The Raft of the Medusa and New Zealand monetary policy

I learned something from Graeme Wheeler’s speech this morning. Having not gotten round to reading Andrew Graham-Dixon’s Caravaggio, which has now lingered on our bookshelves for five years, it hadn’t occurred to me that the Gericault painting The Raft of the Medusa was influenced by Caravaggio; in Graham-Dixon’s words, it is a “modern secularised version of an altarpiece by Caravaggio”.

It is a striking painting, but this was a strange speech – and nowhere more so than in the concluding reference to The Raft of the Medusa.

There was plenty of routine material I agreed with. It gets boring to say it, but central bankers have to go on making the point that monetary policy has no material impact on longer-term real interest rates, longer-term average real exchange rates, or the longer-term real growth performance of the economy. For 25 years, real interest rates and the real exchange rate have averaged too high here, and real per capita growth has been too low. There are things that could have been done to change that, but changing the monetary policy framework isn’t one of them.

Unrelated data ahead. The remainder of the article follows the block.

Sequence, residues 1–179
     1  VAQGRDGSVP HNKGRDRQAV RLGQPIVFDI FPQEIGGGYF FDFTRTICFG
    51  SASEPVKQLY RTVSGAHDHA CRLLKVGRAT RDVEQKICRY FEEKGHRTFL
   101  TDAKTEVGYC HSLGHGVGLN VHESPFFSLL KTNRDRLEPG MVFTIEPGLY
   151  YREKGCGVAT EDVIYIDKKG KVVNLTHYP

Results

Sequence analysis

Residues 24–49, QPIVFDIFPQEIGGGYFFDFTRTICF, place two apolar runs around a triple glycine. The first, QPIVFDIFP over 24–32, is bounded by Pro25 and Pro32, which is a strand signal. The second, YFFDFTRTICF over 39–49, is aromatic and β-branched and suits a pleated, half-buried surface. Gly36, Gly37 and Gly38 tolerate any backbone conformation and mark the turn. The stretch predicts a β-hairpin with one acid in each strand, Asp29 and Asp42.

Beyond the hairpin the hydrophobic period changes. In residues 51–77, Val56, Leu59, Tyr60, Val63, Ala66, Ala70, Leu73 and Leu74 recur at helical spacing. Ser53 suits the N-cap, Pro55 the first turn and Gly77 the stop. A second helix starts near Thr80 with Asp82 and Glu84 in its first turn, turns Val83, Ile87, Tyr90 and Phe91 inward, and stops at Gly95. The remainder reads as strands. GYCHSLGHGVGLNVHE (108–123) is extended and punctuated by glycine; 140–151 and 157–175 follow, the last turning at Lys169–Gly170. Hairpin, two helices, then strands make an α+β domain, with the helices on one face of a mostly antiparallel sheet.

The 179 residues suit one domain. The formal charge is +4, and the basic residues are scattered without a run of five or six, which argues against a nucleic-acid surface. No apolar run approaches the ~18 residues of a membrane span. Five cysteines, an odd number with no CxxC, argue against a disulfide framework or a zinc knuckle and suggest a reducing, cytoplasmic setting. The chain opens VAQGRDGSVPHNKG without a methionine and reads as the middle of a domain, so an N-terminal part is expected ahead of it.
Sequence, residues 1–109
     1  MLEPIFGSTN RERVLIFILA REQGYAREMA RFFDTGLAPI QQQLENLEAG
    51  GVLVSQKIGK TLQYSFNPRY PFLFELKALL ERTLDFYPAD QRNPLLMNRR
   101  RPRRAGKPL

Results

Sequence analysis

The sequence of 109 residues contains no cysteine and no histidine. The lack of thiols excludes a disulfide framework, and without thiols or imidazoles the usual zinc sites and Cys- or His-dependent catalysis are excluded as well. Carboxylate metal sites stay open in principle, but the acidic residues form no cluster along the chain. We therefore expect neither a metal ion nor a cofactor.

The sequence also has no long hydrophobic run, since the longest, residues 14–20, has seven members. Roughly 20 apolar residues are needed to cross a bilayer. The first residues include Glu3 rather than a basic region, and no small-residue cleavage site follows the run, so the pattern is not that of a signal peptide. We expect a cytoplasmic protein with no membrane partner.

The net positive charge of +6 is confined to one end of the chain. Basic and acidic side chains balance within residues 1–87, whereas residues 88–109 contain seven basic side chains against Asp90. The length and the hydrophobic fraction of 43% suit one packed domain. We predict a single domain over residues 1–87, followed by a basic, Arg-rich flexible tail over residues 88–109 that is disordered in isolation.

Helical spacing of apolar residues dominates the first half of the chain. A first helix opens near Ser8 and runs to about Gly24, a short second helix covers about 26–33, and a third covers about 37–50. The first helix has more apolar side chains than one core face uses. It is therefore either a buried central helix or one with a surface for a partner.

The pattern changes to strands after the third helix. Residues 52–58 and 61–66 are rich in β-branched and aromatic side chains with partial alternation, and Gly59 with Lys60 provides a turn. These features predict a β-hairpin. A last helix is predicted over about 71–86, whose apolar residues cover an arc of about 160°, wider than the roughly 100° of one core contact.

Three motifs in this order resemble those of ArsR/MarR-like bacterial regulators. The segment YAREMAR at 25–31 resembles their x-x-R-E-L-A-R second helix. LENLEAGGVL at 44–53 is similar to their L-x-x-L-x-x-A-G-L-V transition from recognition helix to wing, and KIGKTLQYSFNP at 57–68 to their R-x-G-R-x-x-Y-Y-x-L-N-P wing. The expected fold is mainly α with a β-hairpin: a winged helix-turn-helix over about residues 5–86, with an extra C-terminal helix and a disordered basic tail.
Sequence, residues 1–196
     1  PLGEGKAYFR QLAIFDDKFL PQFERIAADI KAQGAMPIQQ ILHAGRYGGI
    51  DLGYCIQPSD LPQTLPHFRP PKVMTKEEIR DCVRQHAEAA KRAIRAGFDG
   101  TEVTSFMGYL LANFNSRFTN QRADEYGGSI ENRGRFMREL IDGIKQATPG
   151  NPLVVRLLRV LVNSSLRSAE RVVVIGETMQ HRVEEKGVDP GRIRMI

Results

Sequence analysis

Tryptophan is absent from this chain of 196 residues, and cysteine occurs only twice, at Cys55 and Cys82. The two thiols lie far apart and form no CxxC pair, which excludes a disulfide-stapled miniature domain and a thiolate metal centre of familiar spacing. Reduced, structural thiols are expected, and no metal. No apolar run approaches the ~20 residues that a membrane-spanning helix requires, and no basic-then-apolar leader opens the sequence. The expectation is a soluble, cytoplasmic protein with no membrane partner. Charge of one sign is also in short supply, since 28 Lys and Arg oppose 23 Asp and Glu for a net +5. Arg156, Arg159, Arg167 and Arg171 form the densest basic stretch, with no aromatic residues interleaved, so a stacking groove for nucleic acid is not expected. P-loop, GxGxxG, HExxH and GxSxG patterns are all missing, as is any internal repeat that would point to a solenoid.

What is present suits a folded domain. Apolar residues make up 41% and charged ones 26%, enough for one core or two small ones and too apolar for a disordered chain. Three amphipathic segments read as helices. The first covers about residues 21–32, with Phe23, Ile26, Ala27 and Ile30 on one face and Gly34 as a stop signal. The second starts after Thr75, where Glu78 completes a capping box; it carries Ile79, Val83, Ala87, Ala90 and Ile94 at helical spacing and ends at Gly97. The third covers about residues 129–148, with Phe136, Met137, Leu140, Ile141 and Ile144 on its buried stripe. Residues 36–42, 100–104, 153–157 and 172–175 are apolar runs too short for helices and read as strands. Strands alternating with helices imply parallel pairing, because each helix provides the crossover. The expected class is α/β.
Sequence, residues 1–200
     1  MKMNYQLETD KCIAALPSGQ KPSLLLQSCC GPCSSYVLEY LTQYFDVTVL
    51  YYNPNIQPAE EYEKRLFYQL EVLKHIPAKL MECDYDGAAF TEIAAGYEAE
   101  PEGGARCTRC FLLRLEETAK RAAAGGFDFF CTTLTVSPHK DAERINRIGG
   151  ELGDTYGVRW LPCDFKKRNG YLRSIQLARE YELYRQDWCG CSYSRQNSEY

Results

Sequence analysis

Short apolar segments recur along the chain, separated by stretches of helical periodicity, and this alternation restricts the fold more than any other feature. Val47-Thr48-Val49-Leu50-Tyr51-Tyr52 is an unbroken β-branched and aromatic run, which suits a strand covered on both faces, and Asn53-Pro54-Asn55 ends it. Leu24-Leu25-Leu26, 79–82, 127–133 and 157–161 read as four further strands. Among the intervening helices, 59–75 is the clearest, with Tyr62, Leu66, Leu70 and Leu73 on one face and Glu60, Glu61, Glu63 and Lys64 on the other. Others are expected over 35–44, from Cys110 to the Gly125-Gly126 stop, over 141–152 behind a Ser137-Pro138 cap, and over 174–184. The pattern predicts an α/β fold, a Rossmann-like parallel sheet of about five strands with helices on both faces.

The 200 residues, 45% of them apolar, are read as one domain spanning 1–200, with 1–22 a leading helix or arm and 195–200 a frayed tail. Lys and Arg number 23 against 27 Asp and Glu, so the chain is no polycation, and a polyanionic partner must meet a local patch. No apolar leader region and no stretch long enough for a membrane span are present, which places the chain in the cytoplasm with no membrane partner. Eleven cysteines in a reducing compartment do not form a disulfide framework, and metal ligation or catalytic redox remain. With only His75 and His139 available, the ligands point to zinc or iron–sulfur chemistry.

But beyond that it all got rather strange. He started his speech with the references to Caravaggio to play up the dark and turbulent nature of the last few years (as he sees them). How difficult it all is for small country central banks. More so, he suggests, than previously.

I guess Graeme Wheeler is a latecomer to central banking. He’s been Governor for only three years and spent most of his career doing stuff other than macroeconomic policy. So perhaps recency errors should be pardoned. But it isn’t clear why he thinks, or wants us to think, that his job is harder than that of his predecessors (Don Brash, the challenges of disinflation, or Alan Bollard, and the massive credit boom). Self-pity is rarely an attractive quality, and perhaps especially so when it comes from highly-paid powerful public officials. The Governor has been given a relatively straightforward job to do by Parliament, and – unlike many of his offshore peers – he still has all the conventional tools at his disposal. He has made some mistakes along the way, as his predecessors did (and his successors no doubt will too), but it just is not that hard to get it roughly right.